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“Alexa, start my Jeep Cherokee now.”

by Chris Vander Doelen on

The 2018 Jeep Cherokee will come equipped with a virtual passenger in the back seat: Amazon’s sweet-talking Alexa.

Jeep’s new Tech Connect package adds Amazon to its tool kit, which means drivers will be able to tell their Cherokee – via Alexa – to lock or unlock doors, start or stop the engine, check tires and fuel and even program the navigation system for the impending road trip while they finish breakfast.

Presumably, drivers will also be able to order new tires, ballet slippers for the kids and dinner from Whole Foods while driving. Alexa and an Amazon Dot and all her “skills” come with the optional 8.4-inch Uconnect system.


FCA doesn’t say how much the Tech Connect Package costs on its own, only that the MSRP for for the 4 X 2 version of the Cherokee equipped with Alexa will be $26,190, while the 4 X 4 version goes for $27,690.

Alexa and her bag of tricks isn’t free, either – except for the first three months. The 2018s come with a 90-day subscription to Amazon’s music streaming and Audible spoken word services, plus a one-year subscription to Sirius radio.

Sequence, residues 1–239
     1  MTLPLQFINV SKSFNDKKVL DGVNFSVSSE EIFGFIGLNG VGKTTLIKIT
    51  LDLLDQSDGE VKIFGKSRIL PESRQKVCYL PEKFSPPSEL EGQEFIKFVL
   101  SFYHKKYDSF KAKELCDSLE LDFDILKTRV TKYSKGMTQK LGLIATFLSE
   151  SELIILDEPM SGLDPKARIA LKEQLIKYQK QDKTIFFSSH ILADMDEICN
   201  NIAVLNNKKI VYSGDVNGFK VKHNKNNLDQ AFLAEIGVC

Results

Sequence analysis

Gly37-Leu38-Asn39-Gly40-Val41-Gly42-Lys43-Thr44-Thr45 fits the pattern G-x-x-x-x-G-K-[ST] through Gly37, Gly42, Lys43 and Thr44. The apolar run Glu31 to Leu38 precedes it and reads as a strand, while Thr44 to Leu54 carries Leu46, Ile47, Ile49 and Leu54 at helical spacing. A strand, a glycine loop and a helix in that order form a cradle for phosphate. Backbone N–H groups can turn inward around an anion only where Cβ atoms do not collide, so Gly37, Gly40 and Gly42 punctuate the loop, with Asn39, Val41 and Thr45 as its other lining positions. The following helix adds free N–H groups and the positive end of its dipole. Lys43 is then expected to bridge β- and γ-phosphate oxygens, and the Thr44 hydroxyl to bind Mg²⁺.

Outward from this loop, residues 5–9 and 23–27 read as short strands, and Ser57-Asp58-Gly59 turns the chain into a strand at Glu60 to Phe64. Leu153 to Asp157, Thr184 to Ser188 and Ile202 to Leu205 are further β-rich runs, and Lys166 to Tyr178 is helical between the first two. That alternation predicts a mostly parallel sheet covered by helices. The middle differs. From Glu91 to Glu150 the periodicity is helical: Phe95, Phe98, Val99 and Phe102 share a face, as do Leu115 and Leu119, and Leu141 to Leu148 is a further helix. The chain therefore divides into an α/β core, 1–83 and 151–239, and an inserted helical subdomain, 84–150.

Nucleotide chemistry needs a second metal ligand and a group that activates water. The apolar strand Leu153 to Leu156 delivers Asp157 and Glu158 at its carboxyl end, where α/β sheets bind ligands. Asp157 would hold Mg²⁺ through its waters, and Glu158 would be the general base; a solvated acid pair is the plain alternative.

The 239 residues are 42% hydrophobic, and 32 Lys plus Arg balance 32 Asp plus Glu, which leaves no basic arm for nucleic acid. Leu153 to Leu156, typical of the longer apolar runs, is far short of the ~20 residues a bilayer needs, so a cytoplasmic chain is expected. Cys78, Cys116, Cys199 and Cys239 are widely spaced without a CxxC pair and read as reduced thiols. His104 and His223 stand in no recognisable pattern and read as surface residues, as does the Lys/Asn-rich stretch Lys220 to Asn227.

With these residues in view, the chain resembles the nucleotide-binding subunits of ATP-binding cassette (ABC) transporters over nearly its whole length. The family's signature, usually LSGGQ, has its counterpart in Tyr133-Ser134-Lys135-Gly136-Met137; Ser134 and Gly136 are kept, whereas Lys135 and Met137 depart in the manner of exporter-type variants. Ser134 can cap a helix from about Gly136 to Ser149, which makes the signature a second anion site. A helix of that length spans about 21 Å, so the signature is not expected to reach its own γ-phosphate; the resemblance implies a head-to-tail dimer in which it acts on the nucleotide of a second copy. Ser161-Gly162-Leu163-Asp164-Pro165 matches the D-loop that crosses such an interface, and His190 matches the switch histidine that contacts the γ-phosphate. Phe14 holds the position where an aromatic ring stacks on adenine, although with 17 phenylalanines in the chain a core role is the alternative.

FCA didn’t say whether the package is being considered for the rest of the company’s lineup, but that would be a logical assumption, as one of our commenters suggests in an Allpar Forum.

Ned Curic, Vice President Automotive at Amazon Alexa, hints that Cherokee might just be a beachhead for the tech company in its unspoken war against Apple, Google and whoever else it might seek to vanquish.

“Voice is a big part of the future because it can simplify everyday tasks like these and we are excited that Jeep is bringing this level of connectivity to customers,” Curic says in the FCA release.

Alexa, tell me what Siri thinks about all this?

Chris Vander Doelen was Opinion Editor and columnist of The Windsor Star until December, 2016; he was the Star's automotive reporter and columnist for seven years, and had also covered the political and gambling beats. With his wife, Veronique Mandal, he wrote the book Chasing Lightning (1999). Chris won a National Newspaper Award in 1997 and more than a dozen provincial news awards. There is a Chrysler 300 in his driveway.

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